Background: The use of atherectomy during peripheral endovascular interventions (PVI) has increased dramatically, but data regarding its safety and effectiveness are lacking.
Aims: This study sought to determine the long-term safety of atherectomy in contemporary practice.
Methods: Medicare fee-for-service beneficiaries who underwent femoropopliteal artery PVI from 2015-2018 were identified in a 100% sample of inpatient, outpatient, and carrier file data using procedural claims codes. The primary exposure was the use of atherectomy. Inverse probability of treatment weighting was used to adjust for measured differences in patient populations. Kaplan-Meier methods and multivariable Cox proportional hazards regression were used to compare outcomes.
Results: Among 168,553 patients who underwent PVI, 59,142 (35.1%) underwent atherectomy. The mean patient age was 77.0±7.6 years, 44.9% were female, 81.9% were white, and 46.7% had chronic limb-threatening ischaemia. Over a median follow-up time of 993 days (interquartile range 319-1,377 days), atherectomy use was associated with no difference in the risk of either the composite endpoint of death and amputation (adjusted hazard ratio [aHR] 0.99, 95% confidence interval [CI]: 0.97-1.01; p=0.19) or of major adverse limb events (aHR 1.02, 95% CI: 0.99-1.05; p=0.26). Patients who underwent atherectomy had a modest reduction in the risk of subsequently undergoing amputation or surgical revascularisation (aHR 0.92, 95% CI: 0.90-0.94; p<0.01) but an increase in the risk of undergoing a subsequent PVI (aHR 1.19, 95% CI: 1.16-1.21; p<0.01).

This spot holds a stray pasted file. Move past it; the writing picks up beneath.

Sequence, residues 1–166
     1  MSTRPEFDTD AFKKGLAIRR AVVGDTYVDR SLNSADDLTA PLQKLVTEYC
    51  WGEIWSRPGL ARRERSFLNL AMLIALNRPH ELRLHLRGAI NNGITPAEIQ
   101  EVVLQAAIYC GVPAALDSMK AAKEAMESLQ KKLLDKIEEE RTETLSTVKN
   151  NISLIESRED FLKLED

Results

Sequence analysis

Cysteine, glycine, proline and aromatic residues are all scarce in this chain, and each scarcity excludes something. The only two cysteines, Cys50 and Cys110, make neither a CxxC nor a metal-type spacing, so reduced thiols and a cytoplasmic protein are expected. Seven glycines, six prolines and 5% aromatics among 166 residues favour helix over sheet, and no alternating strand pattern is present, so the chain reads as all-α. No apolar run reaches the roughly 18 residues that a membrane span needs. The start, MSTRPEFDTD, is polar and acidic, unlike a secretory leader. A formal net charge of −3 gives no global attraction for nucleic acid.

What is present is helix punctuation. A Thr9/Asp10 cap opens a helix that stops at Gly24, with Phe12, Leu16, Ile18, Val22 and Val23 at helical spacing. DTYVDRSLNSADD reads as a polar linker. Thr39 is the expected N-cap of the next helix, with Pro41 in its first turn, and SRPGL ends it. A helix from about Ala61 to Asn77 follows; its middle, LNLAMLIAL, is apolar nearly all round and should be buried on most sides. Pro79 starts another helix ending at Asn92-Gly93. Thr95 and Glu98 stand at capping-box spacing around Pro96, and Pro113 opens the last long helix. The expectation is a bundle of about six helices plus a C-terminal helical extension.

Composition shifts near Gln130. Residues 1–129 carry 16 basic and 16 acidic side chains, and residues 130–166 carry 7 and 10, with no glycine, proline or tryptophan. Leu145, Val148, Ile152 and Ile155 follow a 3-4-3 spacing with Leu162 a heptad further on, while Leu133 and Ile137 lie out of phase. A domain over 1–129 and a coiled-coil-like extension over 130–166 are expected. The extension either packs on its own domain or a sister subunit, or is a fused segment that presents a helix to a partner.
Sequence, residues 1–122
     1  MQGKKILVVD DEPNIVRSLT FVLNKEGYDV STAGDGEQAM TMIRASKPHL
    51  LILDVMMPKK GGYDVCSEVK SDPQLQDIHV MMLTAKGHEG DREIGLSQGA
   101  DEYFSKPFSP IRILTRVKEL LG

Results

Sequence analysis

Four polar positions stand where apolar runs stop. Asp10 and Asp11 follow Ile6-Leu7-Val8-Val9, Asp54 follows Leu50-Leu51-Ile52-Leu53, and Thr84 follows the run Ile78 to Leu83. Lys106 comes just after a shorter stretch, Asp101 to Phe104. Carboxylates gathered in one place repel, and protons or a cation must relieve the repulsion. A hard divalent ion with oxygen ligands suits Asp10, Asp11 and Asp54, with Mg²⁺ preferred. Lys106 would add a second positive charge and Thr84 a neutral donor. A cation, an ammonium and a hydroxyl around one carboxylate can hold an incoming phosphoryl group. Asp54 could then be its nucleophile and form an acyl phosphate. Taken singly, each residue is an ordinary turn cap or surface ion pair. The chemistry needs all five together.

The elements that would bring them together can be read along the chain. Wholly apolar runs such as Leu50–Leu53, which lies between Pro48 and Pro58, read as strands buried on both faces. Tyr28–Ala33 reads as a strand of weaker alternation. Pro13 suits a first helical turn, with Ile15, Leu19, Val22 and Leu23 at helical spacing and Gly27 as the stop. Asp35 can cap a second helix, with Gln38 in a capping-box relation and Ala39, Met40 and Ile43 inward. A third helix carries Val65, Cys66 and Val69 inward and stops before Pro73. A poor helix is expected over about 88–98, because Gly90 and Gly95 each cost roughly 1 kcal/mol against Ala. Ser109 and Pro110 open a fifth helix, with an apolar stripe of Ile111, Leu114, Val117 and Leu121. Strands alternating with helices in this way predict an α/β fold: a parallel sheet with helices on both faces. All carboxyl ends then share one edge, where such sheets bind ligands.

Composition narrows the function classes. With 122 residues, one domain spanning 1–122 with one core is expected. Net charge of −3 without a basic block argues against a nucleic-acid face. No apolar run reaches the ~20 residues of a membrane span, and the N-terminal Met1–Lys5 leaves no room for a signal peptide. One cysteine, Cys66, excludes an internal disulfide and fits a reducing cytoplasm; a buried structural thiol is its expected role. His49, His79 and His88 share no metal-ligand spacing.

Conclusions: The use of atherectomy during femoropopliteal artery PVI was not associated with an increase in the risk of long-term adverse safety outcomes among patients with peripheral artery disease.
Join us for free and access thousands of articles from EuroIntervention, as well as presentations, videos, cases from PCRonline.com